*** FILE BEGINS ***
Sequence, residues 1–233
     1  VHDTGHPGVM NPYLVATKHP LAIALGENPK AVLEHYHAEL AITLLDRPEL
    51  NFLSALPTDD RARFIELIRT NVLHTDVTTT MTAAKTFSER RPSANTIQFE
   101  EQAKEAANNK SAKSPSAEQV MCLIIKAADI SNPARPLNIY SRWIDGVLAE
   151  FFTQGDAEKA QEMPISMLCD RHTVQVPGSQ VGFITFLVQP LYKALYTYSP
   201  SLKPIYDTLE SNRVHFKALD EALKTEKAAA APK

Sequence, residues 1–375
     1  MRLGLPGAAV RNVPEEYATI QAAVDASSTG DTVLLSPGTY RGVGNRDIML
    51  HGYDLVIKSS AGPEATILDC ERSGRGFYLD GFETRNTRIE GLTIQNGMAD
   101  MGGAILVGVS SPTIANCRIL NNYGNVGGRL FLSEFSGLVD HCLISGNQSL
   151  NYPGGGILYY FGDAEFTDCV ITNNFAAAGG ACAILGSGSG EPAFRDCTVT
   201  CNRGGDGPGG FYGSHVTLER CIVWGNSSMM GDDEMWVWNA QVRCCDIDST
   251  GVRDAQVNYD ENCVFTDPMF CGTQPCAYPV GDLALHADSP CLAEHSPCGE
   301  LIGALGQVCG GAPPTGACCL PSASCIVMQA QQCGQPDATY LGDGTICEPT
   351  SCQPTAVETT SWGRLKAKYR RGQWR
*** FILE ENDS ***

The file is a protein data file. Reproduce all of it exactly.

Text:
Sequence, residues 1–233
     1  VHDTGHPGVM NPYLVATKHP LAIALGENPK AVLEHYHAEL AITLLDRPEL
    51  NFLSALPTDD RARFIELIRT NVLHTDVTTT MTAAKTFSER RPSANTIQFE
   101  EQAKEAANNK SAKSPSAEQV MCLIIKAADI SNPARPLNIY SRWIDGVLAE
   151  FFTQGDAEKA QEMPISMLCD RHTVQVPGSQ VGFITFLVQP LYKALYTYSP
   201  SLKPIYDTLE SNRVHFKALD EALKTEKAAA APK

Sequence, residues 1–375
     1  MRLGLPGAAV RNVPEEYATI QAAVDASSTG DTVLLSPGTY RGVGNRDIML
    51  HGYDLVIKSS AGPEATILDC ERSGRGFYLD GFETRNTRIE GLTIQNGMAD
   101  MGGAILVGVS SPTIANCRIL NNYGNVGGRL FLSEFSGLVD HCLISGNQSL
   151  NYPGGGILYY FGDAEFTDCV ITNNFAAAGG ACAILGSGSG EPAFRDCTVT
   201  CNRGGDGPGG FYGSHVTLER CIVWGNSSMM GDDEMWVWNA QVRCCDIDST
   251  GVRDAQVNYD ENCVFTDPMF CGTQPCAYPV GDLALHADSP CLAEHSPCGE
   301  LIGALGQVCG GAPPTGACCL PSASCIVMQA QQCGQPDATY LGDGTICEPT
   351  SCQPTAVETT SWGRLKAKYR RGQWR